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Posted by on Feb 27, 2012 in Director’s Cut, Entertainment, Movies | 0 comments

Who’s the Hero? Akira Kurosawa on director’s cut

Being from a nation obsessed with Entertainment, obviously my first post on IndianDragon is on Cinemas. Even India’s identity to certain parts of the world still remains through Bollywood and its no lesser counterparts from South.
       Moving on , this post is not on commercial Indain Cinema or its fantasies it revolve around but rather an intuition into how we missed some of the great film makers or scintillating works from rest of the world. One such artist is Akira Kurosawa of Japan. Akira had the style of choosing plots for his movies from his own backyard or the Japan’s historic samurais. Most of his movies revolved around Samurai’s as the main character and he was brilliant enough to adopt some of Shakespeare’s tragedies like King Lear, Macbeth into his movies. Now one can see similar path followed by some Indian directors in choosing plots from Epic and Myth.

       For n00bs, Akira was not only a guy who made good films but made films in a better way that challenged American and European filmmakers artistically as well as technically. Here are some of those fundas on Akira & his ventures.
  • The movie, Rashomon  based on two Japanese novels was/is an epic in the history of world cinema with its narration and screenplay. For those who haven’t seen it, the tamil remake version was made way back in 1954 as “Andha Naal” starring Sivaji Ganesan. There have been a number of movies made after this movie and so remains a principle called Rashomon Effect.
Technically, this was the first movie that successfully was able to take direct shots at the sun, which the American cinematographers were struggling to do.
  • Akira edited most of his movies but rarely did he take credits for them. His adeptness with editing was best witnessed in the movie, Throne of blood (Most successful adoption of Shakespeare’s Macbeth). Take a look at the climax which was shot in 1957 were there was no CG especially at time 2:00.
This is how it was shot , widely known as  MATCH CUT PROCESS – First an arrow was shot in front of Toshiro’s neck and filmed slightly out of focus, next broken pieces of an arrow where stuck to his neck. Then an arrow was  fired almost in line/parallel to the previous arrow which was filmed. Finally his head going back was shot.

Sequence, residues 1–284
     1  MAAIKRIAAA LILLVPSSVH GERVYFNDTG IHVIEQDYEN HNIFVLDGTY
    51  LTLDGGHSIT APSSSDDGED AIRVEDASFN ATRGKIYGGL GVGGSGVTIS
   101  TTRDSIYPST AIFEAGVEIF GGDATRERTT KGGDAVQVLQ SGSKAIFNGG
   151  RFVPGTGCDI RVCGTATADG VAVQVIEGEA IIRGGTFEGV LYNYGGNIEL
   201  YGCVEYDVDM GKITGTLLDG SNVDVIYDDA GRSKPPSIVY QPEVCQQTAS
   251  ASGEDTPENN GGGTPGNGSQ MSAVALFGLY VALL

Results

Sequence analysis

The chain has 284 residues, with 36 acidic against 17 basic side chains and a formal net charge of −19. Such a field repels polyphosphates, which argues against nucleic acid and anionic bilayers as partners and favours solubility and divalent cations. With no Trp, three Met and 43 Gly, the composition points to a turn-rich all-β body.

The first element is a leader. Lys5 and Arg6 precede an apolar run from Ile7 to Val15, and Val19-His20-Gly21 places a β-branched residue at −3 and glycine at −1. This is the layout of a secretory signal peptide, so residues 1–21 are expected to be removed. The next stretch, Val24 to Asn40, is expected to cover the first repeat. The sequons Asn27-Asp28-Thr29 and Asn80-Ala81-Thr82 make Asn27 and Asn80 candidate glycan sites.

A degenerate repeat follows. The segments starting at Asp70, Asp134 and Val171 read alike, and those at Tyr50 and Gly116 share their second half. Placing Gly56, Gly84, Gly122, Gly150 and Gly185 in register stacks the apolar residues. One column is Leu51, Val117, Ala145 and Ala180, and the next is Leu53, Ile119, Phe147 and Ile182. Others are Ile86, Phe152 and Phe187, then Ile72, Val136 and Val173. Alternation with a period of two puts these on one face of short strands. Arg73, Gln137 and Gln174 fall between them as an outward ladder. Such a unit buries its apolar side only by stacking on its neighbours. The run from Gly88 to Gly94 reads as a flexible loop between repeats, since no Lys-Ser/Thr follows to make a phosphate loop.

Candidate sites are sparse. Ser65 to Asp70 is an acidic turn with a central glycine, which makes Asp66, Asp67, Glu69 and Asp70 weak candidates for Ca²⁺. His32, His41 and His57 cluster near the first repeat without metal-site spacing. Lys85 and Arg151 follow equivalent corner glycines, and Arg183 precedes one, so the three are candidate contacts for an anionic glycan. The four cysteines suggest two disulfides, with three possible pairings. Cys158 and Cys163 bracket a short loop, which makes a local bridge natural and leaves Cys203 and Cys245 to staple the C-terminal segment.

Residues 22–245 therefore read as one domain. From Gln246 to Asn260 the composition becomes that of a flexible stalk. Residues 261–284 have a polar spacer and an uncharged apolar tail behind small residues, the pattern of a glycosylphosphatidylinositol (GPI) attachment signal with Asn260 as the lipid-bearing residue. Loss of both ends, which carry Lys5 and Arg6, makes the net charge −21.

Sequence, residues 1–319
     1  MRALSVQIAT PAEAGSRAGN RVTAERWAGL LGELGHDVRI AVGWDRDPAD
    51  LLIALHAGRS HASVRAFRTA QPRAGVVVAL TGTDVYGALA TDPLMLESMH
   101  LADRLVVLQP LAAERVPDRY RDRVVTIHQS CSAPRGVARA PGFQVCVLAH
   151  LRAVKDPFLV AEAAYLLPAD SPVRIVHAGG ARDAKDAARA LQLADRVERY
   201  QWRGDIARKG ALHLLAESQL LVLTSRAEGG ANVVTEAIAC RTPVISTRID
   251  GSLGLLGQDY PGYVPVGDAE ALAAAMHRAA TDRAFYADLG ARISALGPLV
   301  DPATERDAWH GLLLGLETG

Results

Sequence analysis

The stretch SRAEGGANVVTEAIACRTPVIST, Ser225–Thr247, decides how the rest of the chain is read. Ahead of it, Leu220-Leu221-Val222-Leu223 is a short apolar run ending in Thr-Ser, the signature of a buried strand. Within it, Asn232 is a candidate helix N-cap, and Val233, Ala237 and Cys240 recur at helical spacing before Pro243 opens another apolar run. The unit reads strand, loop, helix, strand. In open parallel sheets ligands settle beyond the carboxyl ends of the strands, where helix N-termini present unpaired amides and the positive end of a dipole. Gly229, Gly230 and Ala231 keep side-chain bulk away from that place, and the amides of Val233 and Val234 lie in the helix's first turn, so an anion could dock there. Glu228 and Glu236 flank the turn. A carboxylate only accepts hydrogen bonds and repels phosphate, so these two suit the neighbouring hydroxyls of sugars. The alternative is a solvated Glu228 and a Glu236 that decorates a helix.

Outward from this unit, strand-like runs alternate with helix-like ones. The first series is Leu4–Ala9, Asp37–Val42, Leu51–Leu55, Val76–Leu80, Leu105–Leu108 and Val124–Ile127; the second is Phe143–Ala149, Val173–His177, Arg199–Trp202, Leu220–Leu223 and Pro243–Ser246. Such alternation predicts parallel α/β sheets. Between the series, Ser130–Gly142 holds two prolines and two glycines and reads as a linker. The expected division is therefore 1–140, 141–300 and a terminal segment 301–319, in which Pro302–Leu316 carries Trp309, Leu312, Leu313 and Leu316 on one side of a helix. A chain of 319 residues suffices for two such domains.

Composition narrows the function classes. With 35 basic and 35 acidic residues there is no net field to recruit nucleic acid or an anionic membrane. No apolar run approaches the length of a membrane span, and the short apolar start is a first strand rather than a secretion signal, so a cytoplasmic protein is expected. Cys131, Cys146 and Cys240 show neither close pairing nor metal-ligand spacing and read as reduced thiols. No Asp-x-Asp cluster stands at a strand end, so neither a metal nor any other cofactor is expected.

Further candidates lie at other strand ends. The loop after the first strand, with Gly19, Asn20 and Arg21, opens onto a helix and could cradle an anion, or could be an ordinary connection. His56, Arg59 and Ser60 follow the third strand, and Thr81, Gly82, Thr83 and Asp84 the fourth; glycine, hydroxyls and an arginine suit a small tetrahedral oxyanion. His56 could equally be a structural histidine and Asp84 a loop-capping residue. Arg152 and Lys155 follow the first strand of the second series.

Here is it Visually.
         Akira made the best use of, Toshiro Mifune, the hero involved in this incident, is one of the best actors world has ever seen. In the scene above, where Toshiro is attacked with arrows, akira  had archers shoot real arrows,  from a distance of about ten feet, while  the actor had to carefully follow chalk marks on the ground to avoid being hit from arrows. Later Toshiro admitted that some of the arrows missed him by an inch, and he was not merely acting terrified in the film, but suffered nightmares afterward. (Hardly can imagine an Indian actor who would dare to do this).
  • Another instance is a scene in Yojimbo , the samurai shows incredible skill at knife-throwing by impaling a blowing leaf against a wooden floor. This was accomplished by running the shot backwards. In the frame before the knife hits the leaf, you can see a slit in the leaf the same size and at the exact point where the knife penetrates it a frame later.
  • For most of the movies he made, Akira created paintings of the scenarios to make his technicians understand the scene better. Akira has meticulously painted more than 2,000 storyboards in his lifetime.

A painted scene from movie Ran

He was an ardent fan of Indian Legend Satyajit Ray

Finally, my list of top 12 Akira Kurosawa movies.

1. Rashomon (1954)
2. The Seven Samurai (1954) –  remade as  The Magnificent Seven
3. Ran (1985) – adoption of Shakespeare’s King Lear
4. Ikiru (1952)
5. Yojimbo (1961) remade as the Clint Eastwood’s Fistful of Dollars
6. Throne of Blood (1957) – Adoption of Shakespeare’s Macbeth
7. Sanjuro or Tsubaki Sanjūrō (Sequel to Yojimbo)
8. High and Low (1963)
9. Kagemusha (1980)
10. Dersu Uzala (1975)
11. Hidden Fortress, The (1958) George Lucas admitted Star Wars was inspired from this.
12. Akahige or Red Beard (1965)

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Naveen is a software engineer by profession, loves to quiz, enjoys south Indian food. Likes Sachin, Man Utd, ARR, Ilayaraja. He writes on News@indiandragon on various arena ranging from tech, sports to movie making. You can get him @b_naveenkumar